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What Is Artistic Beauty

What Is Artistic Beauty? Kelley Rubben Dr. Marck L. Beggs, Director M.L.A. Program Admissions Essay January 6, 2001 What is Artistic Beauty? From the beginning of time, men and women have scrutinized, categorized, and compared components of their surroundings in an attempt to better understand their world. In the Bibles Genesis account, Adam, seemingly in appreciation of Eves uniqueness and beauty, poetically proclaims her, bone of my bones and flesh of my flesh; she shall be called woman, for she was taken out of man.[Gen.

2:23 NIV] Much later, artists, writers, and philosophers have sought to understand beauty, balance, and perfection — the sublime. Their struggle to define perfection and to set standards of beauty was termed aesthetics or, the science of the beautiful, in 1753 by German philosopher Alexander Gottlieb Baumgarten. Baumgarten was considered the first modern philosopher to approach the question of beauty systematically, introducing the term aesthetics and defining the experience of beauty as the sensory recognition of perfection. [Danto 1]. The works of his contemporary, Immanuel Kant, express the notion that beautiful objects are without a specific purpose and that judgments of beauty are not expressions of mere personal preference but, rather, universal.

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Similarly, Encarta defines aesthetics as: A branch of philosophy concerned with the essence and perception of beauty and ugliness, dealing with the question of whether such qualities are objectively present in the things they appear to qualify, or whether they exist only in the mind of the individual; hence, whether objects are perceived by a particular mode, the aesthetic mode, or whether instead the objects have, in themselves, special aesthetic qualities. Philosophy also asks if there is a difference between the beautiful and the sublime. [Danto 1] However, even with a definition at hand, arriving at a consensus on precisely what constitutes beauty and perfection is nearly impossible. Ultimately, beauty is in the eye of the beholder. For the sake of argument, in this discussion, beauty will be limited to the perception of color, sound, form, and words and with the emotional responses to these elements as experienced within works of art, literature, and music.djtsidffjpoidffjsaosafdsafsadf In his discussion of what he calls dependent beauty, Immanuel Kant implies that the use of an ornamental or beautiful object in some way affects its aesthetic qualities. In some situations, an object is a beautiful adornment, but in a different setting, that same object would be viewed as inappropriate or even grotesque. In Critique of Judgment Kant differentiates: Much that would be liked directly in intuition could be added to a building, if only the building were not [meant] to be a church. A figure could be embellished with all sorts of curlicues and light but regular lines, as the New Zealanders do with their tattoos, if only it were not the figure of a human being.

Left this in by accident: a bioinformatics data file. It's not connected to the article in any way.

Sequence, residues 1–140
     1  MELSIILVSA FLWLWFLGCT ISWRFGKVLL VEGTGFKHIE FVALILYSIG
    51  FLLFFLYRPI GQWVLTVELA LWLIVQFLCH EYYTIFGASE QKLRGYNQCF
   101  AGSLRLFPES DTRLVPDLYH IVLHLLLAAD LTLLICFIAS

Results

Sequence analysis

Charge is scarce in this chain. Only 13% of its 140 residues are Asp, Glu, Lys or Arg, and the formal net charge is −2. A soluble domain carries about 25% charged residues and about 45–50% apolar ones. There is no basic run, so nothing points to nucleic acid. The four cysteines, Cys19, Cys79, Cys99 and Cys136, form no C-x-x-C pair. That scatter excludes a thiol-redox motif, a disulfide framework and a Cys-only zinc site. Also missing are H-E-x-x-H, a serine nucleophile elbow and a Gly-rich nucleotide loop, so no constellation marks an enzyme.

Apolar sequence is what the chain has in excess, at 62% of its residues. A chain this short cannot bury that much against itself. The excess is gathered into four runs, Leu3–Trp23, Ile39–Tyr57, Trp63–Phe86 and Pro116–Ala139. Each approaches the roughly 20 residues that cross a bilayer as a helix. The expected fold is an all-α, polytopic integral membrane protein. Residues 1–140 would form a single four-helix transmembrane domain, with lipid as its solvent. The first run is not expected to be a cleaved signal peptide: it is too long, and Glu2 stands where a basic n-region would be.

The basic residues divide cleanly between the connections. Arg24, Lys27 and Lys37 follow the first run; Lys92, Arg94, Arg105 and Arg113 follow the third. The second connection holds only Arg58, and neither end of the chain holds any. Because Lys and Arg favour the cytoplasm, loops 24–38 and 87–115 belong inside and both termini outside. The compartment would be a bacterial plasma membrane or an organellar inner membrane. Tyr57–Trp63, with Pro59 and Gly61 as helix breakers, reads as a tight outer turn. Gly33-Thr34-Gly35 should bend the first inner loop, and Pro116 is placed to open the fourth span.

And this human being might have had much more delicate features and a facial structure with a softer and more likable outline, if only he were not [meant] to represent a man, let alone a warlike one. [Leddy 1 / Kant 1987]. [ Therefore, cultural norms set the parameters for what is accepted as beautiful, though the boundaries are constantly expanded by new artistic expressions that push the limits of acceptability within a society. These avant-garde artistic creations frequently depict themes, images, or subjects considered taboo in a particular society. Exhibited and marketed as artwork, the creations will either be rejected, or they will be accepted as modern art, thus expanding the boundaries of what can be considered art. [Wilson, 2 / Parsons and Blocker].dd In the world of physical art, such as sculpting and painting, traditional aesthetics of the 18th and 19th centuries proposed that artistic beauty was an imitation of nature.

Yet, while the works of realist, impressionist, and neoclassical painters like Jean Francois Millet, Claude Monet, and Benjamin West who strove to capture lifelike detail in their works are unquestionably beautiful, this exact mirroring of nature is not a requirement of beauty. Much art (particularly modern art) fails to imitate anything, yet often the obscure creations beautifully capture an intangible feeling or emotion. Viewers perceive the work as beautiful based on their reaction to the form and colors which create a mood. Another example of how art can be independent of nature exists in the fact that artistic beauty has the potential to accomplish something that nature cannot. Art has the ability to capture ugliness and beauty simultaneously.

For example, an exquisite painting of a gruesome battle or of an ugly face is still beautiful. [Danto 2]. If a painting is unpleasant or disturbing, is it still art? Can that art still be beautiful if it upsets us? [Wilson, 1]. British statesman and writer Edmund Burke identified beauty with delicacy and harmony. Yet, he equated the sublime with vastness, obscurity, and a capacity to inspire terror.